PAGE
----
Author Archives: Ziggy

Somtum Der – Now Derring in Red Hook

In the land of the new and exciting, its often easy to overlook the established and proven. The “What’s new” questions on social media by people that visited the city once or twice before have always been a mystery to me. Did you try any of the other 99.9%, like Pig and Khao, Minetta Tavern, Popina, etc etc. Are they stale? What exactly is wrong with them? There’s always something new and exciting, but the real question is who will make it past year one, or year ten. 60% fail in their first year, 80% fail within five, and very few make it to 10.

The Z-List Thai staple Somtum Der not only keep soldiering on in the East Village but is now doing it in Red Hook, Brooklyn. While East Village is ultra competitive as I keep saying for years due to the lack of tourists and abundance of students, opening in no-train Red Hook is just another level of Chutzpah. Generally Thai restaurants in Red Hook and neighboring Columbia Street Waterfront District (because real estate firms havent come up with a cute 2 syllable name) dont last very long. See Pok Pok, Krok .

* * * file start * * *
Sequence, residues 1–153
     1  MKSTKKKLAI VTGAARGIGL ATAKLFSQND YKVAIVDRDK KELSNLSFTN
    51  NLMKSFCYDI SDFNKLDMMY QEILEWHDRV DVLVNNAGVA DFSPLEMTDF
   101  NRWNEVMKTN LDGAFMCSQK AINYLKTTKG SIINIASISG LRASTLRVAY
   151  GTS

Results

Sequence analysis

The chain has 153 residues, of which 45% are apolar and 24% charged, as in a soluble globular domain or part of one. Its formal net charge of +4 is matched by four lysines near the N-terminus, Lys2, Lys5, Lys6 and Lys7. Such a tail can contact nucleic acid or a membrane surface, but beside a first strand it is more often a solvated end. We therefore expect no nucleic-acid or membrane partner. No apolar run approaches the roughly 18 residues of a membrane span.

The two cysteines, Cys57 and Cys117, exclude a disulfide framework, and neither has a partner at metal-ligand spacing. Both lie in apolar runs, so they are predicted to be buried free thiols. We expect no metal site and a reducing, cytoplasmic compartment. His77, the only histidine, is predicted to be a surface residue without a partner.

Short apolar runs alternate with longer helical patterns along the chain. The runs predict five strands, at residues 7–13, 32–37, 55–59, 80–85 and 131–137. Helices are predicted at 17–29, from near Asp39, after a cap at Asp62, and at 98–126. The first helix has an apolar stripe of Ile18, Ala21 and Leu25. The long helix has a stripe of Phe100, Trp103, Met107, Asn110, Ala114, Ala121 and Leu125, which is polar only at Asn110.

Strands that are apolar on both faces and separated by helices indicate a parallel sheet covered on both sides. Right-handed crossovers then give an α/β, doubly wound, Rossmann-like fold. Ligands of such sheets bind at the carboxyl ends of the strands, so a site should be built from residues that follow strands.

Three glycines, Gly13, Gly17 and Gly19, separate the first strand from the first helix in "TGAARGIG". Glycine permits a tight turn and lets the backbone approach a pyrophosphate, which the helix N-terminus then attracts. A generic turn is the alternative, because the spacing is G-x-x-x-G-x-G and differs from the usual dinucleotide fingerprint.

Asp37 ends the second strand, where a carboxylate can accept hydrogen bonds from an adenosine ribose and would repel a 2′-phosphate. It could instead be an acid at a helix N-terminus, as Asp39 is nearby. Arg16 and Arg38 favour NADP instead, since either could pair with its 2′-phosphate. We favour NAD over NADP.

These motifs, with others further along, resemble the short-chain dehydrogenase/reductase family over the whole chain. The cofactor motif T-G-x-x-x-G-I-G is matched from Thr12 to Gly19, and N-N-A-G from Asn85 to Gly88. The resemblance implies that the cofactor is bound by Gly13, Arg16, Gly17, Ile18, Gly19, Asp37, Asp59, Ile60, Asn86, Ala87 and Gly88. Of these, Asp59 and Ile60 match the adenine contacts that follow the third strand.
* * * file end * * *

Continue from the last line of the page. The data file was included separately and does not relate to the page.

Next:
Somtum Der was one of the first to introduce New Yorkers to fiery Isan food when it opened in East Village a decade ago. That was only a year after opening in Bangkok. Both places are in the Michelin guide if you care about such things. In fact the East Village location even got a Michelin star that lasted a whole 5 minutes. The new Red Hook location has exactly the same menu, with pictures. If you dont like menus with colorful pictures, you are probably not enjoying life to the fullest. If we were to give awards to menus with the most vibrant pictures, Somtum Der would be an easy three Kodak recipient.

While Somtum is known for the various namesake papaya salads, I der you to find a more flavorful bird in NYC. Just seeing the picture on the menu for me is like a kid hearing the ice cream truck. Along with the marinaded pork with the soothing sticky rice lollypops, the fried chicken thighs is a usual must. The thing about Somtum Der is that they can take any old, stale, dry meat or fish, and make it taste amazing. Thats not to say that its the type of meat we usually encounter here, but that’s the type of seasoning and marinades they use. Its sort of what Isan food is all about. Preserving meat and fish in historically poor areas.